You know it's particularly mysterious when a puzzle stumps Charles Darwin and all the egghead evolutionary biologists that have come since. But, how both eyes of flatfish came to be on the same side of the head was such a bafflingly mysterious puzzle that it needed to be solved twice. By the same person.
|The turbot, Psetta maxima (image Wikipedia)|
But, behind every popular science article beat-up of stumped boffins and puzzling riddles, there's usually some interesting science. And that's the case here.
Flatfish are fascinating creatures. Adults live on the bottom, lying on one side, with both eyes gazing up from the same side of their head. At hatching, though, their larvae look unremarkable in comparison to other fish larvae. Their eyes are on opposite sides of their head and they swim vertically. But, late in their larval development one eye begins to migrate upwards and over the top of the head until it sits near the other eye.
Far from being stumped, several scientists put forward their explanations, including Darwin. Saltationists, such as Goldschmidt, saw it as evidence that some speciation events were the result of large mutations that revolutionised morphology. While others thought that the eye must have gradually migrated, as it does at the end of the larval period.
The evidence seems to have been more strongly in the gradualist camp. And not only because the new synthesis largely killed off the idea of saltation in evolution. It was already known that the more ancestral flatfish groups, such as spiny turbot and flounder, were less asymmetrical and less strongly associated with the bottom than the more derived groups, such as sole. The only thing that was lacking was truly smoking gun evidence.
|Three species of flatfish. From top to bottom, the spiny turbot, Psettodes belcheri, the flounder, Citharus linguatula, and the sole, Achirus klunzingeri. As you move top to bottom, the wandering eye moves further down the head (Pictures from FAO, via FishBase).|
|The two sides of the fossil fish Heteronectes chaneti. Note the eye on the left side (right hand image) is higher than the eye on the right (from Friedman 2012).|
Interestingly, Amphistium and Heteronectes were alive at them same time as flatfish with the modern asymmetrical morphology. Which indicates that they aren't the direct ancestors of the modern flatfish and that the origins of flatfish are much older. This, in turn, suggests that the transitional morphology provided some advantages, since it persisted for so long in the presence of more modern eye arrangements.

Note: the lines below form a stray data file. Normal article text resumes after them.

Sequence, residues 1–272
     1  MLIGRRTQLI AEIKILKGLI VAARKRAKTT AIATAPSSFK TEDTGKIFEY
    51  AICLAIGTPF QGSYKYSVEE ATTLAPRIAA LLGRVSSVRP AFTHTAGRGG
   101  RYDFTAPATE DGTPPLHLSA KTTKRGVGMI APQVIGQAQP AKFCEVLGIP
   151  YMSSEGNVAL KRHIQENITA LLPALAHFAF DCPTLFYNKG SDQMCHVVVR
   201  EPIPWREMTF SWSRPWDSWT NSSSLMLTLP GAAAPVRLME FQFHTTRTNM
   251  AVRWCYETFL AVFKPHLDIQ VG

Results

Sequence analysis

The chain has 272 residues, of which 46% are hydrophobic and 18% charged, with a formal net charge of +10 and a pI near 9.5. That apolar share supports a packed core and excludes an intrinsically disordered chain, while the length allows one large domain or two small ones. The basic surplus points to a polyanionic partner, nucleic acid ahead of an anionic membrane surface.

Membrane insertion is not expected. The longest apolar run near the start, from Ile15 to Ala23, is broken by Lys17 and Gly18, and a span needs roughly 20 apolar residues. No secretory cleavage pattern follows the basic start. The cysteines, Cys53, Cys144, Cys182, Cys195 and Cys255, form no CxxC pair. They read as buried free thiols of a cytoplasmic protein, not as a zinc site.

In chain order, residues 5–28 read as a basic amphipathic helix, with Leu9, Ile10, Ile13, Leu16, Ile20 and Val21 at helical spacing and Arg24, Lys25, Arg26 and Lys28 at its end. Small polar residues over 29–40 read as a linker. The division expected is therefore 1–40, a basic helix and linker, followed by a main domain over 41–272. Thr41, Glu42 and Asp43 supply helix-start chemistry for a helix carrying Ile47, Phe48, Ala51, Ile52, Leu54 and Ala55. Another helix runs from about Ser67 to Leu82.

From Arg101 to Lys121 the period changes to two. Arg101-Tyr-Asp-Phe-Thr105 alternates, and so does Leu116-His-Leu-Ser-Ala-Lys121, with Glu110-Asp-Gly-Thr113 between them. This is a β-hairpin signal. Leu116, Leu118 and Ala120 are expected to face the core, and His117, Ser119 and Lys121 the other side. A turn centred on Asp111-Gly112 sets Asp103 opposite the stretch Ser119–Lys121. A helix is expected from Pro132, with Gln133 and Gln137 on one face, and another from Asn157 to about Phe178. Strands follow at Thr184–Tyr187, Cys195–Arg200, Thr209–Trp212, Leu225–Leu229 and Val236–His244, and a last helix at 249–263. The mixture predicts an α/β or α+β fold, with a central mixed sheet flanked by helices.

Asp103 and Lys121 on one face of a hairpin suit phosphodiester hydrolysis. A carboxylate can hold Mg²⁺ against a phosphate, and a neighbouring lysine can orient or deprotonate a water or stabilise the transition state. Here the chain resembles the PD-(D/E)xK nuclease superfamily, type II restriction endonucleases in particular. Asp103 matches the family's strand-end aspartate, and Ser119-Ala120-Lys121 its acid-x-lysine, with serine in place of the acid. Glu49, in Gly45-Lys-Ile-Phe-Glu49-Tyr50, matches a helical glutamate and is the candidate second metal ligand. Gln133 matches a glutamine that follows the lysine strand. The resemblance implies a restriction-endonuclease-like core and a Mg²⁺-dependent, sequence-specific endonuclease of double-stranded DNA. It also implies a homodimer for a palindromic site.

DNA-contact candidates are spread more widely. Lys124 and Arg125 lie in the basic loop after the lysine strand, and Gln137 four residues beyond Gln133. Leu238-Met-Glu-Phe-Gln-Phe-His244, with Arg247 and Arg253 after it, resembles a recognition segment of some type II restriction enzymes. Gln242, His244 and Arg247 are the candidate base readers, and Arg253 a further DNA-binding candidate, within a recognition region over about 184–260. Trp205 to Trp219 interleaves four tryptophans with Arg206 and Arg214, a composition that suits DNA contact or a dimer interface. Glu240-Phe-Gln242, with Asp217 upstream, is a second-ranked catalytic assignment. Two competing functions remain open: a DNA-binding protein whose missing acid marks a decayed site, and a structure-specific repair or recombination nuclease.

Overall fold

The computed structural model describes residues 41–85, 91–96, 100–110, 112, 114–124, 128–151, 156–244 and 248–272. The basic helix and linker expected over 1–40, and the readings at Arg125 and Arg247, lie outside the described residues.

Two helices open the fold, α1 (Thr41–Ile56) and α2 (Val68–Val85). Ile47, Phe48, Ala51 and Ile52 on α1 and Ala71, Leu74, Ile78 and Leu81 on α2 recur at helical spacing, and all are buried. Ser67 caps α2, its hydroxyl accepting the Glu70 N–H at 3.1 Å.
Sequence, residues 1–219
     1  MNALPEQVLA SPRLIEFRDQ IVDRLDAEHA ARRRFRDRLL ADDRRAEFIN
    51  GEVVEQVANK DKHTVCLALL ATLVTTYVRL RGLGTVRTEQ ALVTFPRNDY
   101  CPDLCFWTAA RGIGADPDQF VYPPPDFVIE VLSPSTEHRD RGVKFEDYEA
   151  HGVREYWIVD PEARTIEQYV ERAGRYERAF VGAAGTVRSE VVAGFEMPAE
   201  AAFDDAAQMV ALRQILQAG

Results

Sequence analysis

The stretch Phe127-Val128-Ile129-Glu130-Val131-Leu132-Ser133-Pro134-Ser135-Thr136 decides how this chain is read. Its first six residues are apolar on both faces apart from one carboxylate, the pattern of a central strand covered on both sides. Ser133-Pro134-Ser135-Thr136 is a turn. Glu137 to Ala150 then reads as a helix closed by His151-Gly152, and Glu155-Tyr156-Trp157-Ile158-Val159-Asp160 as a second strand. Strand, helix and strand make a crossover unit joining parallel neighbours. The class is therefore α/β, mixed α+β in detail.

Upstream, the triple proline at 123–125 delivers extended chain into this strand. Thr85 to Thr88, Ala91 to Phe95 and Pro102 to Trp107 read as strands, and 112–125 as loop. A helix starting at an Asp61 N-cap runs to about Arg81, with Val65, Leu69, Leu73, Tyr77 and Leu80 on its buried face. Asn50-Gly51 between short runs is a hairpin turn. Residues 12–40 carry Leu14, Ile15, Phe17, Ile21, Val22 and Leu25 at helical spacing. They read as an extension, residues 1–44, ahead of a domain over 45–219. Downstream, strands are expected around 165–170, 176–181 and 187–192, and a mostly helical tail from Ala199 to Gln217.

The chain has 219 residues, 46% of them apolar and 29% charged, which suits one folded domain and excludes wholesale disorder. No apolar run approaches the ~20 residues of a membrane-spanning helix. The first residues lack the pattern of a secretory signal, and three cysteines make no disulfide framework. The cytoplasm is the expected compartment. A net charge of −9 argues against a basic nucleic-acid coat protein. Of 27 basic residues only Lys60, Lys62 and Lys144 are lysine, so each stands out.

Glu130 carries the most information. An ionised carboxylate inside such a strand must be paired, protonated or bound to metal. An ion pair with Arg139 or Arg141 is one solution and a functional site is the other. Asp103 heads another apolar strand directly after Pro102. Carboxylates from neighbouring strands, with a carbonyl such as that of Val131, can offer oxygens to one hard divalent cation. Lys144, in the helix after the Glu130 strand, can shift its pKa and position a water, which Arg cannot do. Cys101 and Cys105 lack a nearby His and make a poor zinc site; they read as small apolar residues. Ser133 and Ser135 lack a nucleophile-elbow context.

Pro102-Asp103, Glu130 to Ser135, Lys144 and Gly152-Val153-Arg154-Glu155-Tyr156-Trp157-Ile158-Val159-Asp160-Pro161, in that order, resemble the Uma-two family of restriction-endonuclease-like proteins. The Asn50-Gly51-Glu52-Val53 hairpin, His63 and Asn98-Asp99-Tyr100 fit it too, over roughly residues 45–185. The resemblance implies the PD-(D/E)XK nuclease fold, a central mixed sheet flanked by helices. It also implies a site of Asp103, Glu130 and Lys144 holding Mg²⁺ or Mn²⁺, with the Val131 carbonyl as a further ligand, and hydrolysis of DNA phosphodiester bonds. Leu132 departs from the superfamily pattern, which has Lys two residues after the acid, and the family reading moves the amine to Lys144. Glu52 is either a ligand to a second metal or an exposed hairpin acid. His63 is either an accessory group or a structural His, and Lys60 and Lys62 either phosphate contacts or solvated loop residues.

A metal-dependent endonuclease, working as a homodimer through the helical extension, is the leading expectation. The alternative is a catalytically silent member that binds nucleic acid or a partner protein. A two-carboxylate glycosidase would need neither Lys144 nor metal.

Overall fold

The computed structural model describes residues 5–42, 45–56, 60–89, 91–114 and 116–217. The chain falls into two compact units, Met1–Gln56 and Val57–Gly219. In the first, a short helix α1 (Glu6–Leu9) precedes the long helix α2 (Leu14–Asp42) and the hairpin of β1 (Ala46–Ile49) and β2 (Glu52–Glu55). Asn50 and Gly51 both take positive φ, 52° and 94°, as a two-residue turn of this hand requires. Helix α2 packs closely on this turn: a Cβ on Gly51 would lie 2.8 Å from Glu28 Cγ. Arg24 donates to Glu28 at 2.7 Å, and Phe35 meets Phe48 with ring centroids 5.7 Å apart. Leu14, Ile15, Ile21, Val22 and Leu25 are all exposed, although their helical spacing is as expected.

|The fossil flatfish Eobothus that was alive at about the same time as Amphistium and Heteronectes, but, like modern flatfish, had both eyes on the same side of its head (image the Fossil Forum).|
|The European plaice, Pleuronectes platessa, using its dorsal and anal fins to lift itself off the bottom (image EOL).|
The analysis suggested that the Latids are the most closely related family of fish. But, Friedman cautions that his analysis was necessarily coarse. Some of the characters identified as uniquely shared by the Latids and Heteronectes may actually be general to a larger group of fish. And, because Friedman didn't examine other flatfish in the study (he must have another paper in the works), the characters identified in Heteronectes may not be shared with other flatfish.
So, two interesting papers. But, although we now know that evolution of the asymmetrical flatfish eye was gradual and, therefore, that transitional flatfish morphologies clearly were not useless, a lot of questions remain. For instance, we can only speculate about the selective pressures that drove eye migration and we don't yet know what the flatfish common ancestor looked like.
Friedman, M. (2008). The evolutionary origin of flatfish asymmetry Nature, 454 (7201), 209-212 DOI: 10.1038/nature07108
Friedman, M. (2012). Osteology of †Heteronectes chaneti (Acanthomorpha, Pleuronectiformes), an Eocene stem flatfish, with a discussion of flatfish sister-group relationships The Journal of Vetebrate Paleontology, 32 (4), 735-756 DOI: 10.1080/02724634.2012.661352
Martinez, G. M. and Bolker, J. A. (2003). Embryonic and Larval Staging of Summer Flounder (Paralichthys dentatus) Journal of Morphology, 255, 162-176